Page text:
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Sydney Opera House: Acoustic upgrade for the Concert Hall

Culture & Event

Completion of the renovation work in the World Heritage Building – opening concert on 21.07.2022.

The Sydney Opera House has carried out a 10-year program of works to improve and modernize the building for future generations. This included an acoustic upgrade to two of its largest venues, the Concert Hall and the Joan Sutherland Theatre.

Following a competitive tender process, the Opera House appointed MÜLLER-BBM’s Munich acoustic office to carry out acoustic upgrades to both venues. The acoustic upgrades to the Joan Sutherland Theatre, the opera hall in the Opera House, took place in 2017, and the Opera House carried out extensive upgrades to the Concert Hall from 2020 to 2022.

Since the opening of the hall in 1973, many have criticized the acoustics in the Concert Hall. This was largely due to the size of the hall with almost 2,700 seats and its unusual room geometry dictated by the outer building shells. The aim of the renewal upgrades to the Concert Hall was to find and implement a solution to improve the acoustics in the venue. Acoustic measures developed by MÜLLER-BBM which were tested and prototyped included specially designed, movable acoustic reflectors above the stage and along the side walls, new stage risers and new timber box fronts with diffusive patterns – altogether improving the spatial and temporal distribution of the sound energy on stage and in the auditorium. Melbourne-based architectural firm ARM was responsible for the architectural design of the measures in coordination with preservationists, heritage experts and a committee of outstanding Australian architects.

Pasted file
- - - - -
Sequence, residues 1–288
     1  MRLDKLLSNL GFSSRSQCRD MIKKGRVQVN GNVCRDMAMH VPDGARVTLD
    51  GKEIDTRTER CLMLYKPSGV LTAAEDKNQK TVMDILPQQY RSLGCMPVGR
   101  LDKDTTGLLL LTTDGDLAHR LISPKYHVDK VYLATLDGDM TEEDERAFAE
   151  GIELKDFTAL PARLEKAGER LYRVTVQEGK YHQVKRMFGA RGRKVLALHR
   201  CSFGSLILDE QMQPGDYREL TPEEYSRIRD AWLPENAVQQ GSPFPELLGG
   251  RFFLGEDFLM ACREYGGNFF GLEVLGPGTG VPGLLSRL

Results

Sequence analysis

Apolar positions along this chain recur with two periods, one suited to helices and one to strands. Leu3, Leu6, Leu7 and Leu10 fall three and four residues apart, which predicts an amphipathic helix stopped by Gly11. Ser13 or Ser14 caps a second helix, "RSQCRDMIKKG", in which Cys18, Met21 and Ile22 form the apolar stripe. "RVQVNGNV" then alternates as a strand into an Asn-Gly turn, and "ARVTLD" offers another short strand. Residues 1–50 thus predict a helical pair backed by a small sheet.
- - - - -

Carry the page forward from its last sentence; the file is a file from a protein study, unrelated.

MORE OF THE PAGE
The changeover times between acoustic mode and pop concerts now are considerably shortened by sophisticated acoustic measures which provide the possibility to avoid reflections and to reduce the reverberation time at the touch of a button.

On 21.07.2022, the Concert Hall reopened with a gala concert by the Sydney Symphony Orchestra under new chief conductor Simone Young. The concert program consisted of a commissioned composition by the didgeridoo virtuoso William Barton and Gustav Mahler’s monumental resurrection symphony. Feedback from the musicians and the audience was overwhelmingly positive and now the Sydney Opera House has a Concert Hall that rivals some of the world’s acoustically important halls.

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